Tagged: Developer Agreement

Appellate Division Holds UHAC Regulations Preempt Local Code Provisions on Affordability Controls for New Developments

In an unpublished decision entitled Avalon Princeton, LLC v. Princeton et al., the Appellate Division has affirmed that certain state affordable housing regulations preempt pre-existing municipal ordinances, setting a period of affordability controls for “at least 30 years” on new construction. Although not precedential, this decision provides insight on how courts may view some of the regulatory framework, particularly regarding municipal versus state regulation of newly constructed affordable units, and potentially forecasts much more flexibility for municipalities in controlling their current and future stock of affordable housing. In order to assure that affordable housing units remain affordable for a period of time, municipalities have long required that properties that are affordable to low- and moderate-income families be encumbered with some form of restrictive covenant running with the land for both rental and owner-occupied properties. The length of term of these restrictions have varied, based on the municipality and the nature of the units, but typically ran for 30 years from the date of first occupancy, and traditionally have automatically expired after that period. Following the introduction of the Fair Housing Act, these standards varied as COAH’s regulations were refined and developed over the course of the various iterations of the First, Second, and Third Round Rules. In 2004, however, the Housing and Mortgage Finance Agency...

New Jersey Appellate Court Rules Redeveloper Cannot Compel Amendments to Redevelopment Plan

Redevelopment agreements are the tool used to memorialize the respective obligations of the redeveloper and the municipality to effectuate a redevelopment project. Often, a concept plan has been agreed upon, but changes to the site-specific zoning embodied in the redevelopment plan are necessary in order for the project to advance. In an unpublished decision earlier this year, the New Jersey Superior Court, Appellate Division, ruled in Fieldstone Associates, L.P. v. Borough of Merchantville, A-1239-13T3, that the municipality cannot be contractually compelled to adopt such amendments.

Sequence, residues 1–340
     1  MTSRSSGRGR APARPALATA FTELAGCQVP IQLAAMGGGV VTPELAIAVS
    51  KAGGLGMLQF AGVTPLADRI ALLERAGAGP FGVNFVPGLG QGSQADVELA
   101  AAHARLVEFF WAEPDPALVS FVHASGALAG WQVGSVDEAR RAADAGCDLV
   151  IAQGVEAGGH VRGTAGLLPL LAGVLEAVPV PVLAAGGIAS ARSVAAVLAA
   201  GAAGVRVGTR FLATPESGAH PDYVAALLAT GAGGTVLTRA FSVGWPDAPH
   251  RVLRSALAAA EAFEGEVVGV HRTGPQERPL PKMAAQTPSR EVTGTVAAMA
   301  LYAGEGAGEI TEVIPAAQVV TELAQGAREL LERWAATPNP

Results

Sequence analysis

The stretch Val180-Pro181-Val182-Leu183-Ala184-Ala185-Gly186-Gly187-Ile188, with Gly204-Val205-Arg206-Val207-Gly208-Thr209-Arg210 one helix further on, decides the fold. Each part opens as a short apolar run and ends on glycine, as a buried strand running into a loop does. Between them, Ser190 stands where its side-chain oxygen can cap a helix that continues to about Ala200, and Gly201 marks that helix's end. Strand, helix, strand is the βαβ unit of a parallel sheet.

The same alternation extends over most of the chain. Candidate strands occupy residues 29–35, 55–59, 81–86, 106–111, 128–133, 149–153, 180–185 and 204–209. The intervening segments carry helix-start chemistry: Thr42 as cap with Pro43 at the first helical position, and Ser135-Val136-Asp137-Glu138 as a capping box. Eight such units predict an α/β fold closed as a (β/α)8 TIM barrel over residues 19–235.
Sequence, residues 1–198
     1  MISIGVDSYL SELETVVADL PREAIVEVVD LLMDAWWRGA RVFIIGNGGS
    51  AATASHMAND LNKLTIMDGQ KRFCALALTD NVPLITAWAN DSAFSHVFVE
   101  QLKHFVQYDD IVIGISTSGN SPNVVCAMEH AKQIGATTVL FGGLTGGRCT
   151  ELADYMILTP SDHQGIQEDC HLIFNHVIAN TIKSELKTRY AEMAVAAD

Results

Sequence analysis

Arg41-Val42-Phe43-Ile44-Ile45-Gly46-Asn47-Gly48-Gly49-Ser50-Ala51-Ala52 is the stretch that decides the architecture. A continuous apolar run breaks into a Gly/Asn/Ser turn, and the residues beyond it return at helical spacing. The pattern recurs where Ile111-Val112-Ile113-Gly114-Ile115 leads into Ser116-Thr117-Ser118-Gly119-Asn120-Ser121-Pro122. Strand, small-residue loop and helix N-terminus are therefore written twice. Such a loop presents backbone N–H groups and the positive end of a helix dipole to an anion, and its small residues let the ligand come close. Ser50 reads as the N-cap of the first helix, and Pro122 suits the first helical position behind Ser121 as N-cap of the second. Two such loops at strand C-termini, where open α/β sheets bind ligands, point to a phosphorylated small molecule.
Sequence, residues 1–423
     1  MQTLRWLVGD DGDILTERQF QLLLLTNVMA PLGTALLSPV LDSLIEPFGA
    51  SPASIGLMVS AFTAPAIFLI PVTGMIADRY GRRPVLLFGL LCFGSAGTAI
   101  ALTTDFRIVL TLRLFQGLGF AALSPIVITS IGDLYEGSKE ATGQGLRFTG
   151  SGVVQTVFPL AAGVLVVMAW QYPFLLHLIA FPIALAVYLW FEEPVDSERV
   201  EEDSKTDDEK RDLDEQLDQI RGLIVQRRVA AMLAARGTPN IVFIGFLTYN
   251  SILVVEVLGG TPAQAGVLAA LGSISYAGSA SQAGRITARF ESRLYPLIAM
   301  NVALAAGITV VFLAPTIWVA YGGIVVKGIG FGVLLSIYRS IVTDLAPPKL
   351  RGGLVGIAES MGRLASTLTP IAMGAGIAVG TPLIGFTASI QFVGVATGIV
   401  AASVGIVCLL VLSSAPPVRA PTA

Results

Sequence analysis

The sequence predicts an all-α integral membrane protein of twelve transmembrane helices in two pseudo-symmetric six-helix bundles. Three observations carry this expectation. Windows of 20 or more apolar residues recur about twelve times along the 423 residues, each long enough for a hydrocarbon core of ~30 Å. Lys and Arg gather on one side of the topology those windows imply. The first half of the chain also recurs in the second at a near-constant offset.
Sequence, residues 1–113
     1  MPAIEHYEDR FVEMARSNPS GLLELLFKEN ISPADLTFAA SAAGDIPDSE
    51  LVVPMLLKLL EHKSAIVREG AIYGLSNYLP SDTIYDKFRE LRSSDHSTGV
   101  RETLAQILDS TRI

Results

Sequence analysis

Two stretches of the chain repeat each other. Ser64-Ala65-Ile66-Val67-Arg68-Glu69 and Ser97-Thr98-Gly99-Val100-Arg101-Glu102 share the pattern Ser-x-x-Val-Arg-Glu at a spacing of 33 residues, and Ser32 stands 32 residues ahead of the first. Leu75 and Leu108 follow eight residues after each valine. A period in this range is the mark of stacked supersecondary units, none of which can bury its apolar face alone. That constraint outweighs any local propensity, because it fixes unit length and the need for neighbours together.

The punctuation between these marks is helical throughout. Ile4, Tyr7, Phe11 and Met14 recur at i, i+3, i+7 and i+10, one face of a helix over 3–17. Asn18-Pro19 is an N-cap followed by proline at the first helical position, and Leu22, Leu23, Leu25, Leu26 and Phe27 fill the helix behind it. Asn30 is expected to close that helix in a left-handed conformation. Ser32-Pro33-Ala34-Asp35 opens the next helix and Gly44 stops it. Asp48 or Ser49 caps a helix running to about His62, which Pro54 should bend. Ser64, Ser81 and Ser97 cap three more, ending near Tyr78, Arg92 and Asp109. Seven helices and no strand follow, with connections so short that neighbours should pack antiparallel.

New Jersey Releases Sensible Lease Process for State Lands

On August 18, 2011, DEP Commissioner Bob Martin and DOT Commissioner James Simpson released a set of guidelines to revamp and apply consistency to New Jersey’s land leasing process for State Lands. A panel of ten State Agencies was convened to analyze the current lease policies and compile a Lease Valuation Report that offers recommendations on leases for Tidelands; Linear Corridor Projects (other than Tidelands); Publicly Bid, Market-Based and Nominal Fee leases; Telecommunications Towers and Antennas, Aquaculture, and leases Related to Transportation Corridors. The guidelines will be adopted by all State agencies, with most of the guidelines implemented immediately.

Green or Not to Green, That is the Question? Whether it is Nobler to Build a Green Building or Suffer the Ignominy of an Ungreen One

With energy costs high and the focus on combating global warming, there is an impetus toward encouraging the development of Green Buildings. Buildings account for 39% of the total energy usage in the U.S., two thirds of the electricity consumption and 1/8 of the water usage. Building codes, setting minimum standards for construction, now include standards for energy efficiency. Green Codes are creeping in.

Want to Expedite Your Real Estate Development Approvals in New Jersey? Want to Get Your Building Permit as Soon as Possible? Did You Know About This Regulation?

In New Jersey, it is very typical for a municipality’s building department to refuse to accept a developer’s construction drawings until the developer has received all of its local, county, state, and other applicable agency approvals (e.g. site plan approval, an NJDEP permit; or an NJDOT permit). This should not be happening.

Tic, TAC, No Dough for Innocent Landowner in NJ Who Sells Property Before Brownfield Grant

Last year, the Appellate Division in TAC Associates v. NJDEP, 408 N.J. Super. 117 (App. Div. 2009) had held that an applicant under the NJ Brownfield Innocent Party Grant, N.J.S.A. 58:10B-5, need not be a landowner at the time of application for such Grant. In so ruling, the Appellate Division invalidated NJDEP regulations that imposed an ownership requirement, a requirement absent from the underlying statute.